Surrounded by family, city officials and Boy and Girl Scouts, lifelong Glen Cove resident Robert Praver, 95, a WWII Navy veteran, received a knot board on Sunday from the Scouts in a garden that highlights the voices of those oppressed by a regime that Praver once fought against.
“Bob, we love having you as a resident of Glen Cove and thank you for your service and thank you for being such a sweetheart,” Nassau County Legislator Delia De-Riggi Whitton said.
The Nassau County Holocaust Memorial and Tolerance Center’s Children’s Memorial Garden, dedicated in 2003 to the 1.5 million Jewish children who died in the Holocaust, has undergone a number of renovations over the past years, including the placement of stanchions etched with quotes of victims, survivors and witnesses to the Holocaust. A butterfly, which has become an international symbol of the young victims of the Holocaust, can also be found on each stanchion.
Praver, often referred to as the member of the “Greatest Generation” and “one of Glen Cove’s favorite residents,” helped work on the garden that was once part of the Harriet and Harold Pratt estate. “It’s been a labor of love and it was a lot of work,” Praver said, “but it was not hard work because as I said, it was a labor of love and every moment of it was enjoyable.”
DeRiggi-Whitton compared the fragility of a butterfly to that of human beings. “But that monarch butterfly flies every year from the North East to Mexico and it makes it,” she said. “I think, the beautiful spirit of our people is a lot stronger than maybe what people give it credit for.”
Not a moment of Praver’s life has been wasted, U.S. Army Maj. Fred Nielsen said. In his younger days, as a Boy Scout who achieved the rank of Eagle Scout, he spoke on the TransAtlantic radio from Canada to British Boy Scouts who were facing the bombing of London during WWII and in his days in the U.S. Navy he studied engineering and served aboard the USS Hanford.
Even today, through his work in the garden, he made sure the division and inequality that resulted in the Holocaust in German-occupied Europe, systematically murdering six million Jewish people between 1941 and 1945, would not be forgotten and not repeated in future.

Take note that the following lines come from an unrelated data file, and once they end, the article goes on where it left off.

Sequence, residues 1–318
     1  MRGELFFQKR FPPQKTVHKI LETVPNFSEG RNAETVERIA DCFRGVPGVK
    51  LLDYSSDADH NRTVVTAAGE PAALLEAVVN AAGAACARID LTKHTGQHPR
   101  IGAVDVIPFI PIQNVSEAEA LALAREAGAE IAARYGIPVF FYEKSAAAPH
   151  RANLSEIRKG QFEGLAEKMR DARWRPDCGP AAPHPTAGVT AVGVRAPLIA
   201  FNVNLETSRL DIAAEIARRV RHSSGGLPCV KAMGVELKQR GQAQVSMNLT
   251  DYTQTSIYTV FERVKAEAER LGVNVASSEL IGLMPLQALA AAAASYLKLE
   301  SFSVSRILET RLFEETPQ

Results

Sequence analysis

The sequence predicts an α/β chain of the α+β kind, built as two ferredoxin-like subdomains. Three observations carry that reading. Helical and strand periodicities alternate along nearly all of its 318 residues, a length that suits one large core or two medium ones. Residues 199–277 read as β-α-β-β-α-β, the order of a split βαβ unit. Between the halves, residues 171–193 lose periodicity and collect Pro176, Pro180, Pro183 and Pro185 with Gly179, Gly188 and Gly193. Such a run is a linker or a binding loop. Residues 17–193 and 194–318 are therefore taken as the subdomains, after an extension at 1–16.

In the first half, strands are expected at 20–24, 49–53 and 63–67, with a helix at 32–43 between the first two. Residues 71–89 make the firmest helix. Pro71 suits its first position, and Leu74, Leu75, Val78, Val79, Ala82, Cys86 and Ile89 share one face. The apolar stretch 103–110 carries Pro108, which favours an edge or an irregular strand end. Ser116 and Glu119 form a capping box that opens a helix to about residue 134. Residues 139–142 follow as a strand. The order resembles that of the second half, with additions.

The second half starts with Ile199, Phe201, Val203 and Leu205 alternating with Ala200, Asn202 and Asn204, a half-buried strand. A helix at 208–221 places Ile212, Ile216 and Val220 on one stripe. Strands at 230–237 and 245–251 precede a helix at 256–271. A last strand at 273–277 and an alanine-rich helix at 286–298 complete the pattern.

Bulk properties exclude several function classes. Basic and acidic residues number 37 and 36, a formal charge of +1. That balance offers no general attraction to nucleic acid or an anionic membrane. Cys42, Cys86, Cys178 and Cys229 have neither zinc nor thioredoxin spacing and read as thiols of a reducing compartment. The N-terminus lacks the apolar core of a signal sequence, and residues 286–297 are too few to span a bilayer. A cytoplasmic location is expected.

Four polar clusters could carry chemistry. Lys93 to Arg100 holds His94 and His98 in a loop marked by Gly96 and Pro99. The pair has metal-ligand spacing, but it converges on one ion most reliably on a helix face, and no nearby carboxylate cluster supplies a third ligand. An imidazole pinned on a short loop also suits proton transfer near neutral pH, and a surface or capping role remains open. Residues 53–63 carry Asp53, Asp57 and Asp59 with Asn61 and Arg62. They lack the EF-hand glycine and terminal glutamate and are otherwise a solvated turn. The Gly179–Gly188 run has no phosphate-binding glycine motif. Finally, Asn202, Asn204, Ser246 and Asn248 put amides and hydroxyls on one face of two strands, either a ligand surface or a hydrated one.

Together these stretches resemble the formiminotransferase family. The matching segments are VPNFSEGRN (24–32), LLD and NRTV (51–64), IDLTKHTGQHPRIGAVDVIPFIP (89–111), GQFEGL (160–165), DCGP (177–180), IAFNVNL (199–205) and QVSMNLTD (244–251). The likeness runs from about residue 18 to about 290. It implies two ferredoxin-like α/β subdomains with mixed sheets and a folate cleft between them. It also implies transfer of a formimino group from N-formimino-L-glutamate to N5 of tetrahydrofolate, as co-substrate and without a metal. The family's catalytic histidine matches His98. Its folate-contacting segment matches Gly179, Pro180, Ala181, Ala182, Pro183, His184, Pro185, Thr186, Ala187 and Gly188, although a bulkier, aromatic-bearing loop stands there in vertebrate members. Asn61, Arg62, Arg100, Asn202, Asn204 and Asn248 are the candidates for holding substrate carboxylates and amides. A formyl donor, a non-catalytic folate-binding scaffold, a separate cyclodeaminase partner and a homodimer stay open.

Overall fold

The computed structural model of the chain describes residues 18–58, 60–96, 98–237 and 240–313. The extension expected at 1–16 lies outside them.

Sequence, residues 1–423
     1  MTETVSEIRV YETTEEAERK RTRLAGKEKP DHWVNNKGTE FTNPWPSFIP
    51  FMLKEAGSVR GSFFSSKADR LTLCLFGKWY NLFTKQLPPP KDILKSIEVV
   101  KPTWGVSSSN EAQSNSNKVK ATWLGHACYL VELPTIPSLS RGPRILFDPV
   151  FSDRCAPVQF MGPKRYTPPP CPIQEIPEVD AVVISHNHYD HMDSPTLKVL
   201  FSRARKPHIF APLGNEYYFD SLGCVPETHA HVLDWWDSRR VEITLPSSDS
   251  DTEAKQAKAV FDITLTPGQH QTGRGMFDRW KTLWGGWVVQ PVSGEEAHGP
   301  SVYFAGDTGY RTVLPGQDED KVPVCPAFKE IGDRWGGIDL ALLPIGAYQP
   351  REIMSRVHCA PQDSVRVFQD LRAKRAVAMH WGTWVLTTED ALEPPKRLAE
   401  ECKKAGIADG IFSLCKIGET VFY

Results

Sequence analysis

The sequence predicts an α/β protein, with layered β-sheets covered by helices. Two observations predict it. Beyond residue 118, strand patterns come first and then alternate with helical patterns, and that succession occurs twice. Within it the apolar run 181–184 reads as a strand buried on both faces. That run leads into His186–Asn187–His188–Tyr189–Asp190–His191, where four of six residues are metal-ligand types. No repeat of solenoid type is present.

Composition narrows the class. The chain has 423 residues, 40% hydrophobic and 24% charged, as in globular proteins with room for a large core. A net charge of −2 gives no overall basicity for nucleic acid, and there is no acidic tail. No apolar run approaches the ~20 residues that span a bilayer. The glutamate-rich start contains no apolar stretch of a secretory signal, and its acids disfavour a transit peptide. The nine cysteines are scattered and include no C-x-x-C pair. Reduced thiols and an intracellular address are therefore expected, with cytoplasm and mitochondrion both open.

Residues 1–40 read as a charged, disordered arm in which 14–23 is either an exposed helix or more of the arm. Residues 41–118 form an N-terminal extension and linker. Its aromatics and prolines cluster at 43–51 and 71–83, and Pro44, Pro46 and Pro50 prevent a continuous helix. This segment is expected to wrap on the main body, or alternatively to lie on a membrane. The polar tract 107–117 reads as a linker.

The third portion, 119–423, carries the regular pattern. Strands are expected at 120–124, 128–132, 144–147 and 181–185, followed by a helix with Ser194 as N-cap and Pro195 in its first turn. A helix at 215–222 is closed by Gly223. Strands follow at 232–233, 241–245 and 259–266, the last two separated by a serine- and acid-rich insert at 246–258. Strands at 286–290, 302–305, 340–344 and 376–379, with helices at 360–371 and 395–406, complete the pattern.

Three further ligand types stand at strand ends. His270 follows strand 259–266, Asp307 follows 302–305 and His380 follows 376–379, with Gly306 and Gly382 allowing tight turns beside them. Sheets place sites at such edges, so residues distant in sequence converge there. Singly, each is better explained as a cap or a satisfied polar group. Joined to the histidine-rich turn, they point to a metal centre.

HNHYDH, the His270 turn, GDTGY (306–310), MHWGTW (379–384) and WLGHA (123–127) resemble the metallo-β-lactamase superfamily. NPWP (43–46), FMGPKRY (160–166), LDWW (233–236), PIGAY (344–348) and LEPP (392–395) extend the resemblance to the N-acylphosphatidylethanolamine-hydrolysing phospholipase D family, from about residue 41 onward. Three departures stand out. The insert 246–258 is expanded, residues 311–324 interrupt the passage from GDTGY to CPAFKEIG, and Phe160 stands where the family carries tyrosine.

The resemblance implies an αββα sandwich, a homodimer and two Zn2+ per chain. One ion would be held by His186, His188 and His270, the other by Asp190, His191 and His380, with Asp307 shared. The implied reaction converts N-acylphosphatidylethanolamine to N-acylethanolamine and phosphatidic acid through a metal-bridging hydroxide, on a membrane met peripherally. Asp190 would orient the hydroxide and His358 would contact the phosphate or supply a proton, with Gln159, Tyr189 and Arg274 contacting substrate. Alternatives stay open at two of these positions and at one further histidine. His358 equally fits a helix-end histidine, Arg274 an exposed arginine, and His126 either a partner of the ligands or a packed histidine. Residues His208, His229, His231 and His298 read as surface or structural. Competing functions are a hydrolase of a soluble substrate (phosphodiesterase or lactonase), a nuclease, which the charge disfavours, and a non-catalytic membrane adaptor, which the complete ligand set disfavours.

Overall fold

City of Glen Cove Mayor Tim Tenke reflected on a dark moment in Glen Cove in 2019, the defacing of the HMTC property with anti-Semitic graffiti and the need for education to prevent such acts. “To me that’s just people who are ignorant about what the symbolism means to people,” he said, “and I think the best way to get past that is education and talking to people like Bob Praver.”
It was in the garden that Praver met Nielsen, who was with his friends, the Komoto-Weber family, for a birthday scavenger hunt in the Welwyn Preserve that surrounds HMTC.
“I was walking through this garden with a young friend of mine and I happened to have a clip board; I always have a clip board,” Nielsen recalled. “Bob Praver was just leaving his work in the garden for the day and he spotted a strange man with a clip board. He said, ‘Well it looks like you’re doing something important. What are you up to?’ Because of that conversation, he began telling me what he’s up to and what he’s been up to for these years.”
Before leaving, Nielsen said, he took down Praver’s contact information and met him in the garden not too long after. “This man amazed me,” Nielsen said. “Ninety five years. None of it wasted. All of it spent in service. And because he’s 95, his service inspires. So, I said, ‘Bob, would you meet some Scouts?’ And he said, ‘Of course, I was a Boy Scout.’”
Nielsen then arranged for the Scouts to receive a tour through the Children’s Memorial Garden by HMTC staff, receiving badges afterwards.
Part of what Nielsen does as an active Glen Cove resident, Tenke said, is pair together young Boy and Girl Scouts with those from older generations so that they can learn from one another.
“When you think about, he wasn’t that much older than you guys when he went oversees to a part of the world that he didn’t know anything about other than the fact that he had to protect people,” DeRiggi-Whitton said to the Scouts at Sunday’s ceremony.
Boy Scout Joseph Sullivan, 12, and karate student Kuga Rex Weber, 12, used the stories Praver told them to create the knot board presented to him on Sunday.
“That kind of dialogue is another thing that this garden is about, to hear the perspective from someone while they can,” Nielsen said. “Precious years are passing by. These boys will never forget.”
Praver explained that he was completely “flabbergasted” by the dedications and honors he received that Sunday afternoon. “This is so creative,” Praver said of his knot board. “It’s a montage of Boy Scouting and navy and the butterfly being the symbol of the 1.5 million Jewish children who perished and were mostly murdered in the Holocaust. It’s a beautiful memento.”
Kuga’s mother said that her children share both Jewish and Japanese backgrounds, making the ceremony and the garden resonate ever so deeply. “America and Japan used to be enemies, but now we’re all coming together in this place,” Yuri Komoto said. “It can not be a coincidence. I’m very happy and honored and it feels great to be a part of it.”